Research suggests that melatonin has the ability to target COVID-19 through several mechanisms. For example, melatonin has been shown to regulate immune responses and prevent cytokine storms. As the authors of one such study explain, when immune cells are in a hyperinflammatory state, their metabolism changes in a manner similar to that of cancer cells:

Similar to cancer cells … immune cells such as macrophages/monocytes forgo mitochondrial oxidative phosphorylation for ATP production under inflammatory conditions in favor of cytosolic aerobic glycolysis (also known as the Warburg effect)…

The switch to aerobic glycolysis allows immune cells to become highly phagocytic, accelerate ATP production, intensify their oxidative burst, and provide the abundant metabolic precursors required for enhanced cell proliferation and increased cytokine synthesis and release…

Because of melatonin’s potent antioxidant and anti-inflammatory effects, it would normally reduce the highly proinflammatory cytokine storm and neutralize the free radicals generated, thereby maintaining cellular integrity and preventing lung damage.

The cytokine storm is one of the reasons why sepsis (blood poisoning) is so deadly, and studies have confirmed that melatonin has a beneficial effect on sepsis. (Sepsis is also a feature of severe COVID-19.) As reported in a 2010 study in the Journal of Critical Care:

Melatonin is a potent anti-inflammatory agent … Its anti-inflammatory effects have been attributed to inhibition of nitric oxide synthase and the resulting reduction in peroxynitrite formation, stimulation of various antioxidant enzymes that contribute to the enhancement of antioxidant defenses, and protective effects on mitochondrial function and prevention of apoptosis.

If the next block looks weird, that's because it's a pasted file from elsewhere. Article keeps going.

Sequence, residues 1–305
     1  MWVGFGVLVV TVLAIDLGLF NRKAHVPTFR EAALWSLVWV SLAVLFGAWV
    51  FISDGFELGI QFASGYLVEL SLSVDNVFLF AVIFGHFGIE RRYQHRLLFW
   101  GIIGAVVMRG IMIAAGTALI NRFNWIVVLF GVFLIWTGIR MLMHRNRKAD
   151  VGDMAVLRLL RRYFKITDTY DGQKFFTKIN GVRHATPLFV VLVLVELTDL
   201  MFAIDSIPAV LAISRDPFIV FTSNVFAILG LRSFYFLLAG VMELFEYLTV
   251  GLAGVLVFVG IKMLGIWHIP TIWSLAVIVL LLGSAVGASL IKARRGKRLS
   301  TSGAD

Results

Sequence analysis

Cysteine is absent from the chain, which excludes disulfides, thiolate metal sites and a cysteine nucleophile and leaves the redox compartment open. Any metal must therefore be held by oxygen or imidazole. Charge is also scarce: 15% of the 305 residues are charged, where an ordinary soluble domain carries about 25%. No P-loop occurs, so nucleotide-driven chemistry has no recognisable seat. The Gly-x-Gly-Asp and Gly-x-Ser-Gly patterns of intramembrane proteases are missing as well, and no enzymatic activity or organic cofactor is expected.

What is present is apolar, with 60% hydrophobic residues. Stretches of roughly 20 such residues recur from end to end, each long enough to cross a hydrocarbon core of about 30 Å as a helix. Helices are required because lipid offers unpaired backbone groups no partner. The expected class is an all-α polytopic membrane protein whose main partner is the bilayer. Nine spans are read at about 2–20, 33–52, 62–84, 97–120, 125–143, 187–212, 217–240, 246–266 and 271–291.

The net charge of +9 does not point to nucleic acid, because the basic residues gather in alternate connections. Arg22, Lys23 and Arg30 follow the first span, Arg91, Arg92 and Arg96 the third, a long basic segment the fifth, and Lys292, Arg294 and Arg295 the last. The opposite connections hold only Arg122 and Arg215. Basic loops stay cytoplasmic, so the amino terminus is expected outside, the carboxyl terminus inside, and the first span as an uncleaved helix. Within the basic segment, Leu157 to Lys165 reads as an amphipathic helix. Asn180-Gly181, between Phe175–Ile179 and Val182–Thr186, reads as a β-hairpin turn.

In a number of animal models of septic shock, as well as in patients with septic disease, melatonin reportedly exerts beneficial effects in arresting cell damage and multiorgan failure…

Apart from acting on local inflammatory foci, melatonin also exerts its beneficial effects through a multifactorial pathway that includes its action as an immunomodulatory, antioxidant, and antiapoptotic agent.

A 2019 animal study published in Frontiers in Immunology discusses how melatonin may protect against polymicrobial sepsis – sepsis caused by more than one microbial organism – which has twice the mortality of unimicrobial sepsis (sepsis caused by a single microbe).

In this case, melatonin appears to provide protection by having an antibacterial effect on white blood cells called neutrophils. A high neutrophil count is an indicator of infection.

Melatonin may also combat SARS-CoV-2 infection by:

  • Suppression of oxidative stress
  • Regulation of blood pressure (a risk factor for severe COVID-19)
  • Improving metabolic disorders associated with diabetes and
    Insulin resistance (risk factors for severe COVID-19) by inhibiting the renin-angiotensin system (RAS)
  • Protecting mesenchymal stem cells (MSCs, which have been shown to alleviate severe SARS-CoV-2 infections) from injury and enhancing their biological activities
  • Promotion of both cell-mediated and humoral immunity
  • Promote the synthesis of macrophage and granulocyte progenitor cells, natural killer (NK) cells, and T-helper cells, especially CD4+ cells
  • Inhibition of NLRP3 inflammasomes

General notes on Nutritional Supplementation